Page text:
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Kevon Looney to Start over 2020 No. 2 Pick James Wiseman, Says Warriors HC Steve Kerr

Tyler Conway@@jtylerconwayFeatured Columnist IVAugust 2, 2022

Adam Glanzman/Getty Images

Kevon Looney will open the 2022-23 season as the Golden State Warriors' starting center, Warriors coach Steve Kerr told Anthony Slater of The Athletic.

“Loon will come back as the starter,” Kerr said. “He has earned that and then some. We’re all thrilled that he’s back. There was a real fear that we’d lose him. To get him back is massive for our team. It sets up well for Loon to continue what he did for us last year. In doing so, he’s really a good mentor for James [Wiseman].”

Looney signed a three-year, $22.5 million contract this offseason to return to Golden State, where he's spent his first seven NBA seasons. The veteran will be tasked with helping bring along Wiseman, the 2020 No. 2 overall pick who missed all of last season with a knee injury.

Wiseman averaged 11.5 points and 5.8 rebounds during a struggle-filled rookie season as the Warriors dealt with injuries across their roster. Kerr admitted he did not do a good enough job of coaching Wiseman, overcomplicating the responsibilities for the Memphis product.

The Warriors coach says he hopes coming off the bench and learning from Looney can allow Wiseman to settle in more easily.

“I think this will be a more natural progression for James, one that didn’t really happen his rookie year because of the situation,” Kerr said. “We felt like we needed to get him as much experience as possible, and Looney was coming off a season where he missed all that time with the nerve issues. So this seems much more natural, much more organic. Loon is the incumbent, the championship-starting center who has seen everything. Then you have James, who will learn from him and with him and will get his chances as we go. It’s a healthy growth situation for James.”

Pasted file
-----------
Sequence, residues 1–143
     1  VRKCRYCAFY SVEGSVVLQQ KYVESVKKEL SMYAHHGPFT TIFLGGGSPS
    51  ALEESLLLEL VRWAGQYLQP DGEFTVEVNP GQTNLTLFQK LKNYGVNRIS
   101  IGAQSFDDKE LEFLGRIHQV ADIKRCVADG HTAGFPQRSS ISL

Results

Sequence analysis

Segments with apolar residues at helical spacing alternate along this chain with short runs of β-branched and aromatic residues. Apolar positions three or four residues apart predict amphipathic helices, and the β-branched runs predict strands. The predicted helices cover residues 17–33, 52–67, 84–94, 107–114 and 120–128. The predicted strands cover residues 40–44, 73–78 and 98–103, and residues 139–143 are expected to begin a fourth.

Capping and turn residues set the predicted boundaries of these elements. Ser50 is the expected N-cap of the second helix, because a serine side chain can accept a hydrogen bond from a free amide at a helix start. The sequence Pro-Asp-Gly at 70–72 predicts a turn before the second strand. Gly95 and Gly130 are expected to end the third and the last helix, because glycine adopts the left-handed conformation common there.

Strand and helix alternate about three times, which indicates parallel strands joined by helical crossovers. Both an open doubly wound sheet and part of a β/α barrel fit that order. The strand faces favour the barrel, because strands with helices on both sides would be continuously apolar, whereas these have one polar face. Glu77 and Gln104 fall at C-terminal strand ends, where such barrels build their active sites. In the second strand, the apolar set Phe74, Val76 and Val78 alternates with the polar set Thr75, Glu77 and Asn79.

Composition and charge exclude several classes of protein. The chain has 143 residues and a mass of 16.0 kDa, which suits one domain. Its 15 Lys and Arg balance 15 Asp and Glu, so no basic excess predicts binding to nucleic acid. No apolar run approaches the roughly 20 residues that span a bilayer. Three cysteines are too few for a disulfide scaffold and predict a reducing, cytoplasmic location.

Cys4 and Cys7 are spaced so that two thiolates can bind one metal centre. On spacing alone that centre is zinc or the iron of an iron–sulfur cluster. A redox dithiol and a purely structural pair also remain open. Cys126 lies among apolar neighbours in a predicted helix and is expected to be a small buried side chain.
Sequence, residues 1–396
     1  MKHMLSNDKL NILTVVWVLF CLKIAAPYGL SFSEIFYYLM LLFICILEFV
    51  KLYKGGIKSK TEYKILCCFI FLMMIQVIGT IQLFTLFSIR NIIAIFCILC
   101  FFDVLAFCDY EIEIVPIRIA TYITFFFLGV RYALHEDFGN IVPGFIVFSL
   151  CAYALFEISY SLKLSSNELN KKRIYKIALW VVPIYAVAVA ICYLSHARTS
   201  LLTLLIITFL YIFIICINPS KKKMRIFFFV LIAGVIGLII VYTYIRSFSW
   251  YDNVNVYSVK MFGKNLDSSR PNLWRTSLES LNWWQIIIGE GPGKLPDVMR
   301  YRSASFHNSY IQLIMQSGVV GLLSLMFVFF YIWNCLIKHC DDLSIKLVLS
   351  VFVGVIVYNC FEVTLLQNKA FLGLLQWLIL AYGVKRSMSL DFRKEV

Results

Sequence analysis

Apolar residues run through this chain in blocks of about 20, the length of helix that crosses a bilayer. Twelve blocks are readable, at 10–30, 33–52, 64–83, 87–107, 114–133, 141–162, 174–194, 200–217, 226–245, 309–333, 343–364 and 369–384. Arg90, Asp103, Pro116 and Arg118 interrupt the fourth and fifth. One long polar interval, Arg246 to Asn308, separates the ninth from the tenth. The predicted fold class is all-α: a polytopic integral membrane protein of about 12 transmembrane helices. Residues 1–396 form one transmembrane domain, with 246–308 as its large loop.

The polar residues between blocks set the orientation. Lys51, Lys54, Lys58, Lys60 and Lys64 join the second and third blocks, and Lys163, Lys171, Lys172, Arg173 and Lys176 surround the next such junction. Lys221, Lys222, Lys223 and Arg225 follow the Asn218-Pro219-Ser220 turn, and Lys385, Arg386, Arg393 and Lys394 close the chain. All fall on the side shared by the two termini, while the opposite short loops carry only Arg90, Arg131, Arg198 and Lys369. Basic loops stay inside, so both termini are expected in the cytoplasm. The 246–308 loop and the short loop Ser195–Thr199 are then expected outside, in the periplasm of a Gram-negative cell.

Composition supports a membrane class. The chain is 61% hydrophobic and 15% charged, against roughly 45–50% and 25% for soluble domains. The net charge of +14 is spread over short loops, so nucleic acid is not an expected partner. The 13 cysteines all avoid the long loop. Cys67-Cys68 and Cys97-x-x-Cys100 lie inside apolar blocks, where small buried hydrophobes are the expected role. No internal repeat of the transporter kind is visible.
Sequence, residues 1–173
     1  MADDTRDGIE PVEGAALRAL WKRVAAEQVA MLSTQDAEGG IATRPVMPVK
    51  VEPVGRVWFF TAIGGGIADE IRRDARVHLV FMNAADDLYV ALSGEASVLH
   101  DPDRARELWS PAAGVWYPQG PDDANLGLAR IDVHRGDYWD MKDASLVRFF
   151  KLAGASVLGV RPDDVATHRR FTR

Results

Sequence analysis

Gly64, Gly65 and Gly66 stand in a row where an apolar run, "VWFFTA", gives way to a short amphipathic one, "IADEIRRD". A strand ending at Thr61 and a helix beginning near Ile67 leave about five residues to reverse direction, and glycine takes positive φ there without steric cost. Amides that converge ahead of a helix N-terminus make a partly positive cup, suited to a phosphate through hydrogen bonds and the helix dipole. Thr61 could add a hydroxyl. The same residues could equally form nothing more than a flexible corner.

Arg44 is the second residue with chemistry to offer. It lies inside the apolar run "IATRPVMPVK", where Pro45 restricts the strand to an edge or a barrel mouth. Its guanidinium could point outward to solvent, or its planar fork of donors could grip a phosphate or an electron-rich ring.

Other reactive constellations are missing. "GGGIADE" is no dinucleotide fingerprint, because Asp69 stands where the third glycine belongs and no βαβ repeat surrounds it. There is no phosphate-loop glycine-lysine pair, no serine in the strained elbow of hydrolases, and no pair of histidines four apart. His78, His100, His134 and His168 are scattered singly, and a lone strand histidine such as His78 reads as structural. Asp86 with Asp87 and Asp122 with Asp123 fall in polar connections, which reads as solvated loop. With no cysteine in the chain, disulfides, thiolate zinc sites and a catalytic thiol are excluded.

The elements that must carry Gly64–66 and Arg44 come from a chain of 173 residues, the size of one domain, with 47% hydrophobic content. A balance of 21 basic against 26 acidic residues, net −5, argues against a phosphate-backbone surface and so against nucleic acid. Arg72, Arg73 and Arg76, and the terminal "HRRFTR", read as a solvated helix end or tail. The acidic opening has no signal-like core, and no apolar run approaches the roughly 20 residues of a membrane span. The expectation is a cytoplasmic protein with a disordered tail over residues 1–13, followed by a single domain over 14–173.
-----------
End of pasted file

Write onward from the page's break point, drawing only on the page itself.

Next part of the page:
Wiseman was solid during his four-game stint at last month's Las Vegas Summer League, providing rim protection and stretching himself beyond the three-point arc. His three-point attempts were at about one per game as a rookie, and Wiseman could bring an extra dimension to the offense if he proves to be a capable shooter.

While Looney is comfortable playing alongside the Warriors' championship-winning core, he's very much a role player who fits best when playing 15-20 minutes per game. If Wiseman's development goes as hoped, it's possible—if not likely—he winds up supplanting Looney by the end of the regular season.

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